The Wooster Water Resource Recovery Facility manages an Industrial Pretreatment Program to meet state and federal regulatory requirements. In order to properly treat all wastewater in Wooster, it is imperative to understand potential quantities and compounds. Any discharge to the publicly owned facility is tested to ensure awareness and environmental stewardship. It is the goal of the program to be proactive in eliminating any potential treatment issues and subsequent discharge.
The City of Wooster’s Sewer Use Ordinance and Enforcement Response Guide provides the legal authority to enforce the Ohio EPA approved pretreatment program of the city as well as US EPA regulations. A conscious effort is made through training, continued education and Ohio EPA’s guidance to keep current with rule changes pertaining to pretreatment. Modification requests will be submitted for EPA approval when deemed necessary.
The goals and objectives of the Industrial Pretreatment Program serves to:
- Protect the environment and public health and safety.
- Protect the sewers and wastewater treatment plant from damage due to an accidental or deliberate discharge of pollutants.
- Provide safe working conditions for sewer utility workers.
- Locate all industrial users and identify the pollutants they discharge.
- Issue discharge permits to industrial users (IU’s) classified by the POTW (Publicly Owned Treatment Works) as a significant industrial user (SIU).
- Sample and analyze the wastewater discharge from IU’s and conduct yearly inspections.
- Investigate instances of noncompliance with pretreatment standards and permit requirements.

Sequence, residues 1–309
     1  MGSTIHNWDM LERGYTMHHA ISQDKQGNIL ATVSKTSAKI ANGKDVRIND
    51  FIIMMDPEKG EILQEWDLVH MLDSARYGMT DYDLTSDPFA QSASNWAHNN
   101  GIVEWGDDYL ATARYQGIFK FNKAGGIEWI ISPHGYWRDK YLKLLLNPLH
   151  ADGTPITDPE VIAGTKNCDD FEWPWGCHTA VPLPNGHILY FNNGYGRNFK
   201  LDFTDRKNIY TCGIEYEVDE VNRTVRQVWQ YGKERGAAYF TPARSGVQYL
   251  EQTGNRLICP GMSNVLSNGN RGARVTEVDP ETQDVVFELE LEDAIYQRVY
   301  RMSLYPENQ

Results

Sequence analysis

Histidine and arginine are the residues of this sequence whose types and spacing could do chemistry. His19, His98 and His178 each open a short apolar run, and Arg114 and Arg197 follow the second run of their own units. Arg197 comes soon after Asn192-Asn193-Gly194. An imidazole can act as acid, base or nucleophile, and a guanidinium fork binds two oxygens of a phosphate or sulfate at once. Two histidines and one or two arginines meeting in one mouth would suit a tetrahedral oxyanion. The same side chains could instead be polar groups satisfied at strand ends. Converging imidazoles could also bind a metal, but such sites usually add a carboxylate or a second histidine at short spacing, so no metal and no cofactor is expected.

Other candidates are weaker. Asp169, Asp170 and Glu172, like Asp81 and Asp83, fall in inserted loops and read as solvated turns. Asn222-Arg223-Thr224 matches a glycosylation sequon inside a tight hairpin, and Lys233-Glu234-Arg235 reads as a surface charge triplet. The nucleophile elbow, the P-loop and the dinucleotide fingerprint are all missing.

- Collect samples to assess surcharge fees for sewer users that discharge high-strength wastes.
- Monitor FOG (Fats, oils and grease) in establishments that prepare and serve food.
All industrial users that meet the criteria, as established by the EPA, of a Significant Industrial User (SIU) or Categorical Industrial User (CIU) are monitored for compliance with categorical and/or local limits for conservative and conventional pollutants. Additional sampling is done to ensure non-domestic wastewater dischargers are in compliance with local limits. Currently the city has seven permitted SIU’s, four of which are CIU’s, and monitors numerous other non-significant dischargers for compliance.
In addition to quarterly compliance sampling, several industrial users discharging higher than normal conventional pollutants are sampled weekly for Chemical Oxygen Demand (COD) and Total Suspended Solids (TSS). The analytical results of those samples are averaged for each month and a sewer surcharge for high-strength waste is billed accordingly.